RAM exposes the key to your secret data
Princeton (NJ) – Researchers from Princeton University are describing a new and apparently very effective security attack that will allow hackers to access encrypted data on your PC. Technologies such Microsoft’s BitLocker, Apple’s FileVault and Linux’s dm-crypt have no defense against this new attack.
A stolen laptop is a scary scenario for any road warrior, especially if you are carrying important information such as personal information of customers or trade secrets. The most effective method to keep critical data safe in the event a laptop is stolen or lost has been data encryption or even a hard drive that automatically encrypts data. As it turns out, that data may not be safe at all, according to a paper released by Princeton researchers today.
In a project that specifically examined the safety of encrypted data on a PC, they found that encrypted data can easily be accessed by obtaining the encryption key. That key is stored in a computer’s random access memory (RAM) as soon as a user has typed in his password.
While it is generally believed that data is lost as soon as the RAM loses its power, the researchers found that that contents stored in RAM do not disappear immediately when the power supply to the chip is removed – which typically is the case when a computer is turned off. Instead, data decays over time and can remain in the chip for a period of several seconds to up to a minute. This process can be “slowed considerably” if the chip is cooled, the researchers said. 99.9% of the RAM data was still available after 10 minutes when the chip was cooled down to -50 degrees Celsius.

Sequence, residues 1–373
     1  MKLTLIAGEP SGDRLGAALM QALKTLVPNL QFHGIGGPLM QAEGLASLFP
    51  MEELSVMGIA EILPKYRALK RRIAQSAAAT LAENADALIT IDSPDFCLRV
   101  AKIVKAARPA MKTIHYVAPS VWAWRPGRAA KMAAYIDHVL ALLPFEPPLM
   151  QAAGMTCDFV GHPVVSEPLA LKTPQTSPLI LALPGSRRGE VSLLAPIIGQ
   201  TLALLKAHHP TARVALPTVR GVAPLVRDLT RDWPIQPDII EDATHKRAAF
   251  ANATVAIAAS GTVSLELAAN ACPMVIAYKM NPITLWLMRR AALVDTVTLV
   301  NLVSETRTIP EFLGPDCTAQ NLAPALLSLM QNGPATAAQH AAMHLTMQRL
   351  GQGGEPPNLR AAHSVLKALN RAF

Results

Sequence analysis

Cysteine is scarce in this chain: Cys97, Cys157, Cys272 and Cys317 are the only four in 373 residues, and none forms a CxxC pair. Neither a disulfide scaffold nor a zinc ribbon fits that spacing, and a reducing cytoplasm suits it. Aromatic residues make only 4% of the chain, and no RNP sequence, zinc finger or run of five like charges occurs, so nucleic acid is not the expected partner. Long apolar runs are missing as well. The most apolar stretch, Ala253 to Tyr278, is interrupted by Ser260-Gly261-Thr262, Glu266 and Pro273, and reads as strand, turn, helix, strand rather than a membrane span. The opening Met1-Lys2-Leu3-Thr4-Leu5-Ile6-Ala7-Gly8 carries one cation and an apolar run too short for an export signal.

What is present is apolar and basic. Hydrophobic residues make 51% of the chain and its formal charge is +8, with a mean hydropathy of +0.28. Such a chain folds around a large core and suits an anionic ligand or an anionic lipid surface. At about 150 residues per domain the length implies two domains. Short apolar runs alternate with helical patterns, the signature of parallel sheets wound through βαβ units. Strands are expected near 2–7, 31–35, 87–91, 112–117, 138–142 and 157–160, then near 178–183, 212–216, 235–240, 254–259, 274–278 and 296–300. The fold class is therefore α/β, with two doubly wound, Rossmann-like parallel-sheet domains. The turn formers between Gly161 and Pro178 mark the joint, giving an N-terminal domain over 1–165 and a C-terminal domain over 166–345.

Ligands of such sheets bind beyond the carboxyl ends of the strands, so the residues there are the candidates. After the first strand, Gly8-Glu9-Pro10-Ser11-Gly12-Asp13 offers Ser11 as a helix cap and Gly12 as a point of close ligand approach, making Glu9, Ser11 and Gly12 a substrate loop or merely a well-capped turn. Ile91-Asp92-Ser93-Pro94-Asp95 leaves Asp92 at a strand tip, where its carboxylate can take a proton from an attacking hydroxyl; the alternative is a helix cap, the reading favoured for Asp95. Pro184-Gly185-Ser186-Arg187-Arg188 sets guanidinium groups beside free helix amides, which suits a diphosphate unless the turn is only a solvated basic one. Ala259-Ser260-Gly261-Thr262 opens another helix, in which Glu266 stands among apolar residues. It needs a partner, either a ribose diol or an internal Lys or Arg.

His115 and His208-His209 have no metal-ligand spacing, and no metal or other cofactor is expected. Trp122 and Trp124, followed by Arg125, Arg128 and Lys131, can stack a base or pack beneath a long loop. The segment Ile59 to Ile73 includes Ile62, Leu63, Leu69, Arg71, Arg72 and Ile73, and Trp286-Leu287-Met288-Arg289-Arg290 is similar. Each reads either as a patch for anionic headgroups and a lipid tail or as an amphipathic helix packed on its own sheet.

These findings suggest that a security attack especially on notebooks can always be successful when a system is at least in a sleep mode. Only completely powered down systems apparently can withstand such an attack and provide the protection level promised by data encryption.
The researchers said they were able to write programs that gained access to essential encryption information automatically after cutting power to machines and rebooting them. The method worked when the attackers had physical access to the computer and when they accessed it remotely over a computer network. The attack even worked when the encryption key had already started to decay, because the researchers were able to reconstruct it from multiple derivative keys that were also stored in memory. The attack on RAM can be extremely effective as full data access was even achieved when the memory chip was physically removed from one computer and placed in another machine to retrieve the encryption key.
None of the attacks required specialized equipment. “I think we're going to see attackers doing things that people have previously though impractical or impossible,” said computer security researcher Jacob Appelbaum.
The researchers said they have contacted several manufacturers to make them aware of the vulnerability, including Microsoft, Apple as well as the makers of dm-crypt and TrueCrypt. “There’s not much they can do at this point,” said Alex Halderman, a Ph.D. candidate in Princeton’s computer science department. “In the short term, they can warn their customers about the vulnerability and tell them to shut their computers down completely when traveling.”